Yep.  If you pair yourself with someone else who is normally a slacker as well, more often than not you’ll both get more work done than you would have on your own.  No one wants to admit to being the lazy one.  So if you have a friend or someone you can work with on a regular basis, you’ll work harder because of it. Bonus points if you find someone who’s not a lazy procrastinator.

This is even more effective if you put a timeline on it.  Agree that you are going to work from the cafe for two hours before heading out and doing something else.  This adds multiple layers of accountability, which helps you get more done.

When I used to work with a group of people at Third Place in Bangkok, we would all sit around a giant table and work.  I couldn’t slack off if I wanted to.  And I didn’t want to be the one with nothing to show for it when we went out for beers afterwards.

Step #3: Have the Right Tools

You need to prepare for everything when you’re on the road.  You should never have an excuse for why you can’t get work done in whatever down time you have.  Here are a few of the tools I find extremely valuable when on the road:

Here’s a list of other tools I use while I’m traveling.

Step #4: Create Clear Outcomes

I’m notorious for bouncing around from one project or task to the next.  It’s awful, there are days that I’ll make 20% progress on 10 different tasks – and while I got stuff done, when you work that way you feel as though you’re just spinning your wheels.

Now, if you focus on your three most important tasks for the day, and get those to 100% you not only feel more accomplished but because you haven’t left any loose ends lying out there you can go out and explore without having a bunch of partially done tasks hanging over your head.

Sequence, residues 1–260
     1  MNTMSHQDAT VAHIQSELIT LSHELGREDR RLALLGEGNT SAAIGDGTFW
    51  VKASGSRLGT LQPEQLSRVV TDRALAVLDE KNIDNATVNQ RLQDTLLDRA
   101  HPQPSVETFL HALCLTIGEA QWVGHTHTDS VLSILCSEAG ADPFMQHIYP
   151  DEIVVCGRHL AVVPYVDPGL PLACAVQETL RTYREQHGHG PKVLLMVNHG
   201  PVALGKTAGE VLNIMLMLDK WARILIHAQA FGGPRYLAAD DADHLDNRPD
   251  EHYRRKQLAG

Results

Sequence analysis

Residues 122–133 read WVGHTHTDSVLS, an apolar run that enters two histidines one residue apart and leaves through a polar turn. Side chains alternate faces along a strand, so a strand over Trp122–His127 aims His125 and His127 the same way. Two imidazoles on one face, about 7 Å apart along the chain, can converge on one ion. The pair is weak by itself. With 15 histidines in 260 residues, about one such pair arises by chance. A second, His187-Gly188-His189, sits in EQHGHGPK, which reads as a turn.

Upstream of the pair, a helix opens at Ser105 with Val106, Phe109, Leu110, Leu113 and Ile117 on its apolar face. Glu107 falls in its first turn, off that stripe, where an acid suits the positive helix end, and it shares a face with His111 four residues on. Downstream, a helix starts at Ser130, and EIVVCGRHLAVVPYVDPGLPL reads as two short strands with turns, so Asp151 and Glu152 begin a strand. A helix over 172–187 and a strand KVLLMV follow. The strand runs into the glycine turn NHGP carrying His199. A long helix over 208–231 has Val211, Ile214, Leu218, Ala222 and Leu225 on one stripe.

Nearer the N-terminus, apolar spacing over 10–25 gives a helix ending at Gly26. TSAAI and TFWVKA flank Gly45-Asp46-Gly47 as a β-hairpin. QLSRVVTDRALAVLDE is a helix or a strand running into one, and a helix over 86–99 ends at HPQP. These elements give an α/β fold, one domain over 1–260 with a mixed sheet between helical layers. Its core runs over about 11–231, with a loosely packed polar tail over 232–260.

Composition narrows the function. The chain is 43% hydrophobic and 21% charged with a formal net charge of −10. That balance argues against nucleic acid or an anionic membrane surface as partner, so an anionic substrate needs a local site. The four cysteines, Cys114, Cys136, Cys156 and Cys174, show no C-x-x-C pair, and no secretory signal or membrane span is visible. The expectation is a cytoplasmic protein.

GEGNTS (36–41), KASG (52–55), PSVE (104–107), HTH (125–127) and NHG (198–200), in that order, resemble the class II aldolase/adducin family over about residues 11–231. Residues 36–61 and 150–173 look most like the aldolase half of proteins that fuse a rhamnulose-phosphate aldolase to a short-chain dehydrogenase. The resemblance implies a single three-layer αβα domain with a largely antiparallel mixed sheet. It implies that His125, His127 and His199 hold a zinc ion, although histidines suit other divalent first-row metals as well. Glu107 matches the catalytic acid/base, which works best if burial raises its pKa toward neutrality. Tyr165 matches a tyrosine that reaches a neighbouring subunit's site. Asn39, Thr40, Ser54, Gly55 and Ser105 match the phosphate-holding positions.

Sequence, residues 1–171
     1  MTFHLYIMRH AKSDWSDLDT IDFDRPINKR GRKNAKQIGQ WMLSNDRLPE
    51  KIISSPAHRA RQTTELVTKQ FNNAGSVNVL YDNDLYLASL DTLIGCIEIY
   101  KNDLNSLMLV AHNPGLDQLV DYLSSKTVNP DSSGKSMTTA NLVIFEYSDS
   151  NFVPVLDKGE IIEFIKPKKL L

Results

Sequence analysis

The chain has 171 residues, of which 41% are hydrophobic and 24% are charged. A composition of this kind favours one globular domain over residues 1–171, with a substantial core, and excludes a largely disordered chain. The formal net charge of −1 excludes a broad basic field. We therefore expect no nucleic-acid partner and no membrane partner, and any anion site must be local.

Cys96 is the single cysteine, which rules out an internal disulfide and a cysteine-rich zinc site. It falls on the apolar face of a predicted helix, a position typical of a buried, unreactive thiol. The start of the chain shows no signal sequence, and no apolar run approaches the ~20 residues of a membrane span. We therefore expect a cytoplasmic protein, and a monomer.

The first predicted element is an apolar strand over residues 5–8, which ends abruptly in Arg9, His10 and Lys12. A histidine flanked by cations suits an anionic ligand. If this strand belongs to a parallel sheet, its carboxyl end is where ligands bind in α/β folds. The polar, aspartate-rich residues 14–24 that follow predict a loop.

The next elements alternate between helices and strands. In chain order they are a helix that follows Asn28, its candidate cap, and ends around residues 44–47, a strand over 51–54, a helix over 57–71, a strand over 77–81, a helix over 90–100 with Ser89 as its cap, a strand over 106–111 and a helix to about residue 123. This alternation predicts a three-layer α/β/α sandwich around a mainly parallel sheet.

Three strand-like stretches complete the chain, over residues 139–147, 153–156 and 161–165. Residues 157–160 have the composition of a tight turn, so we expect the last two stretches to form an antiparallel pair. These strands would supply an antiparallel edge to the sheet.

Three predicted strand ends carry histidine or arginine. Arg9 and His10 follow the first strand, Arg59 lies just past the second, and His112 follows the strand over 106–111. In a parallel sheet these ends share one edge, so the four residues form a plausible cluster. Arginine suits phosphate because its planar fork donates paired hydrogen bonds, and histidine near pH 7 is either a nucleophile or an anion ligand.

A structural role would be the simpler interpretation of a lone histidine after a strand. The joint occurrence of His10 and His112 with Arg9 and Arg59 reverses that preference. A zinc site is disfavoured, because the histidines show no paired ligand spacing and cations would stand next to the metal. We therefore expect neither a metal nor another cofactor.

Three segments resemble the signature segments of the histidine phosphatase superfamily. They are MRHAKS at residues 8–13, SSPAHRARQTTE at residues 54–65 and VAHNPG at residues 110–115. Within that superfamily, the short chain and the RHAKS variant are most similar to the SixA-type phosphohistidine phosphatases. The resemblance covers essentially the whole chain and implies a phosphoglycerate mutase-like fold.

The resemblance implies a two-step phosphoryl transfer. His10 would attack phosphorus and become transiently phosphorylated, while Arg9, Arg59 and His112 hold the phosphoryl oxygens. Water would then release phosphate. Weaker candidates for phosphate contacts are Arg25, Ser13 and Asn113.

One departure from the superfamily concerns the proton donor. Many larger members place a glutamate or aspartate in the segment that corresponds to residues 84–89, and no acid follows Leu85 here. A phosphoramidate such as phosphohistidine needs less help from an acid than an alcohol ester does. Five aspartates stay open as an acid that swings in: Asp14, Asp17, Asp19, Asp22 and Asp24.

Step #5: Don’t Overwork

Something that happened to me at times in the early days of traveling was that I’d work too much. I’d spend 14 hours a day in front of my computer, and I wouldn’t get a chance to actually experience all of the cool stuff that was around me.  Considering I was in Thailand for 7 months I didn’t see nearly enough of the city of Bangkok or some of the surrounding countries.

This in and of itself led to feeling guilty about not taking the opportunity to see more.  Balance is absolutely essential.  You can achieve that by being serious about applying each of the steps we mentioned today.

Enjoying the Process

While it takes a specific type of person to be able to successfully build a business on the road, I wouldn’t have it any other way.  Even on my vacation to Vegas last week, I’d spend a little bit of time each day checking in and making sure nothing had blown up.

It’s this type of business that for me, adds value to vacations.  I never have to feel guilty about being gone or wondering what I’m missing.  I’m always in the loop, and I can make the choice of whether or not I want to work or not on any given day.

So have you worked while on the road? What’s your best tip for remaining productive?

Sean Ogle

Sean Ogle is the Founder of Location Rebel where he has spent the last 12+ years teaching people how to build online businesses that give them the freedom to do more of the things they like to do in life. When he's not in the coffee shops of Portland, or the beaches of Bali, he's probably sneaking into some other high-class establishment where he most certainly doesn't belong.